"Good to Be Queen!" - mixed media on reclaimed wood, 6" x 18". Available at the Nora Butler Gallery.
He's a very smart Prince,
He's a Prince who prepares.
Knowing this time I'd run from him,
He spread pitch on the stairs.
From "On the Steps of the Palace", Into the Woods
A mini break from abstraction to return to my favorite little queens. They've been waving their scepters at folks visiting Nora Butler's gallery, forcing unsuspecting shoppers to buy them and take them home. Bossy queens! So I will create a few new ones this week to replenish their numbers. This queen is taking a stroll through the woods with us today.
A blustery southern storm is moving in, with gusty winds that slap you in the face with bands of humidity. It isn't a formula for good hair, but it IS just the right thing to keep me in the studio working. So let's stop in this little woodsman's hut here in the forest, make a cup of tea and ponder some more wisdom of Art & Fear.
Chapter three, in a round about way, tells us to stop looking outside of ourselves for information about our art. Instead, we should stay put and look at our own art - all the lessons are in there. Like the prince spreading pitch on the stairs to catch Cinderella, our art wants us to just stop running and look at it already. Look at it "without judgement, need, fear, wishes or hopes." The authors instruct us to ask the art what it needs. And then listen.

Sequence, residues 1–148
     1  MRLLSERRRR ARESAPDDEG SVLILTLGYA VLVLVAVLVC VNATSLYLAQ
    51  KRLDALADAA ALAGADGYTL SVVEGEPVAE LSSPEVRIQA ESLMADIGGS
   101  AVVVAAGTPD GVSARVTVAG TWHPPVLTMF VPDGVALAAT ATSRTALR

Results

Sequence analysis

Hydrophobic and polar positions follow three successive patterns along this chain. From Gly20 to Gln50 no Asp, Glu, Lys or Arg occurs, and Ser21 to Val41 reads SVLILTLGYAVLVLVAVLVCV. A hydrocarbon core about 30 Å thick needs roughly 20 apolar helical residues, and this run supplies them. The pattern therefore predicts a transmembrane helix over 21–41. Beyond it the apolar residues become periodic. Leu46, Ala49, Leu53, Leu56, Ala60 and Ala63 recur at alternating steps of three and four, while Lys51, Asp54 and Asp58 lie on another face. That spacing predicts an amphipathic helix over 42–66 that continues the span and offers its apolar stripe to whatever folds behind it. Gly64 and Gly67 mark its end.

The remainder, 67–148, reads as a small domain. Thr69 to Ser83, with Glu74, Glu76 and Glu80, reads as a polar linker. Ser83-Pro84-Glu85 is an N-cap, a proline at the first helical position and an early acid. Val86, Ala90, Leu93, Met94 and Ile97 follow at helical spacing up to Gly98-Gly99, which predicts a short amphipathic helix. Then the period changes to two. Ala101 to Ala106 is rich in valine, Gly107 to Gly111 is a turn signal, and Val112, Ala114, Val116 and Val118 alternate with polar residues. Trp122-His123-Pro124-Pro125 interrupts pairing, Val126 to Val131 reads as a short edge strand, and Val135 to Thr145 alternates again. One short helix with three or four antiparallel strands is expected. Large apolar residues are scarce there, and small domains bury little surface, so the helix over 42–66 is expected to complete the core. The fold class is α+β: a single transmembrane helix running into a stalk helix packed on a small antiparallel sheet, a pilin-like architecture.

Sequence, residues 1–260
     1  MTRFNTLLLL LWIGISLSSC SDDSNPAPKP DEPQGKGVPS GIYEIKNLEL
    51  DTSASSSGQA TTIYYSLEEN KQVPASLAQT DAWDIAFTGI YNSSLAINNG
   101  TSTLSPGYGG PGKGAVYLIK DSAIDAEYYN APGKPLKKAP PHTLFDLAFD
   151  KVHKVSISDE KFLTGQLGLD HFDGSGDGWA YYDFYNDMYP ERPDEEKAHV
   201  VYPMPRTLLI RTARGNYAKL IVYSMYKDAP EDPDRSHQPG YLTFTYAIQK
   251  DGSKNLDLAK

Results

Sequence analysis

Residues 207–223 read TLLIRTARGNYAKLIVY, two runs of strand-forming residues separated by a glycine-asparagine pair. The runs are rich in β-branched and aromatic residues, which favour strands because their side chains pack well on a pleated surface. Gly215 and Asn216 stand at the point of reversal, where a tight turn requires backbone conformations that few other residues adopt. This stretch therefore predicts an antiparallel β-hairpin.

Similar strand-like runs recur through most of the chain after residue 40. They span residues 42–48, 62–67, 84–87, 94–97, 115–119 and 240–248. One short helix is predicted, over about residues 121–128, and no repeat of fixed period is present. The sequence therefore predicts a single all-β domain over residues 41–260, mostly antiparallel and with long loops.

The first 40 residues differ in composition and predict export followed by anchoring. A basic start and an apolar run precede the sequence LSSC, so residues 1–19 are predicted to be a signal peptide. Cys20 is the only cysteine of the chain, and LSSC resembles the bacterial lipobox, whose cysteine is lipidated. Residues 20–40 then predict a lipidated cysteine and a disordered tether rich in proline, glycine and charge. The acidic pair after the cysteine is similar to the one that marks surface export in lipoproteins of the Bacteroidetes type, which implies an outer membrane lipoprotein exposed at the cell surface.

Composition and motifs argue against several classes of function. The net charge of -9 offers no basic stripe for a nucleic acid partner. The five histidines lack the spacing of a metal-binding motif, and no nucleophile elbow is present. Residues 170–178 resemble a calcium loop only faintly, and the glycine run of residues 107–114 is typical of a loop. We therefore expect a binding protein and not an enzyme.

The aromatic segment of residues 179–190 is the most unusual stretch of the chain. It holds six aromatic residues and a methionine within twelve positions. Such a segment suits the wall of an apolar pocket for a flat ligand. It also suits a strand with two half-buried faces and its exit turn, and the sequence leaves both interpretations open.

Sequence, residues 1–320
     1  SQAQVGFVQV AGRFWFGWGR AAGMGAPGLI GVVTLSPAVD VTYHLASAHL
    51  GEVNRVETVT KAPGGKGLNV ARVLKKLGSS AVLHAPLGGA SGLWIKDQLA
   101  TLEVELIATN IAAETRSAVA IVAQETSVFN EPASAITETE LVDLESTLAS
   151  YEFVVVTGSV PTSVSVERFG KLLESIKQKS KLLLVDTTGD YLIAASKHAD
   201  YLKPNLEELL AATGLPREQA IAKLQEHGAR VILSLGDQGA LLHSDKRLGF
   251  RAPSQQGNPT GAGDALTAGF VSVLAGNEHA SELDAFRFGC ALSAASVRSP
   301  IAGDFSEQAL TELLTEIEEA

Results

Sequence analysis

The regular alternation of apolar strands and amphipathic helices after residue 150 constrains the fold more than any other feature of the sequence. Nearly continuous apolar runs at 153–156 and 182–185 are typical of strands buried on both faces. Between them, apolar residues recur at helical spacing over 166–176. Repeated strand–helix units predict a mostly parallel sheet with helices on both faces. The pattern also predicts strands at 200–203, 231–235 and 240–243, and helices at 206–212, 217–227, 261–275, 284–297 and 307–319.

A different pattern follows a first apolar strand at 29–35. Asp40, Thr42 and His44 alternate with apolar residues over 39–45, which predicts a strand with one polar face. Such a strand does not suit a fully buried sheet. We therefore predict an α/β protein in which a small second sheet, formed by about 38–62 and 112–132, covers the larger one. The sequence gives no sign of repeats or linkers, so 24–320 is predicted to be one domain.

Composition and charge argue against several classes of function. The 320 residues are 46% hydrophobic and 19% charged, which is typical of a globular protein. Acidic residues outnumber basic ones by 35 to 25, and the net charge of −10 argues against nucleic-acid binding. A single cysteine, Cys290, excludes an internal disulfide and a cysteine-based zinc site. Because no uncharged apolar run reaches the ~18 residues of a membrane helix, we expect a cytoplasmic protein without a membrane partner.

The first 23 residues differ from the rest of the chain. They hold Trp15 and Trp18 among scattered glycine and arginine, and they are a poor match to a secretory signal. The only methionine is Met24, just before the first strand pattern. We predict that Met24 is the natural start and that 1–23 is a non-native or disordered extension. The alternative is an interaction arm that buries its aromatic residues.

This is so much a part of the process Stan Kurth taught during his workshop. I think he is an art whisperer.
This is such an interesting concept. I am intrigued, and will begin to spend more time listening to my own work. I suppose the hardest part is setting aside all the emotion and opinions I have about my art. Kurth provided us with the perfect quote to keep us on the right path: "When you're in the studio painting, there are a lot of people in there with you - your teachers, friends, painters from history, critics...and one by one if you're really painting, they walk out. And if you're really painting YOU walk out." (Philip Guston)
While I ponder this further, I am listening to a gaggle of bossy queens, who tell me what their art needs is more queens. Oy vey! Off I go.
Today's "Pay What You Can" piece is "Monday Morning", pencil and acrylic on canvas paper, 9 x 12. This will be shipped flat. Shipping is anticipated to be around $7.00
Email me at email@example.com with how much (or how little) you'd like to pay for this cutie (shipping will be added). The winner will be selected at random and notified via email in 24 hours.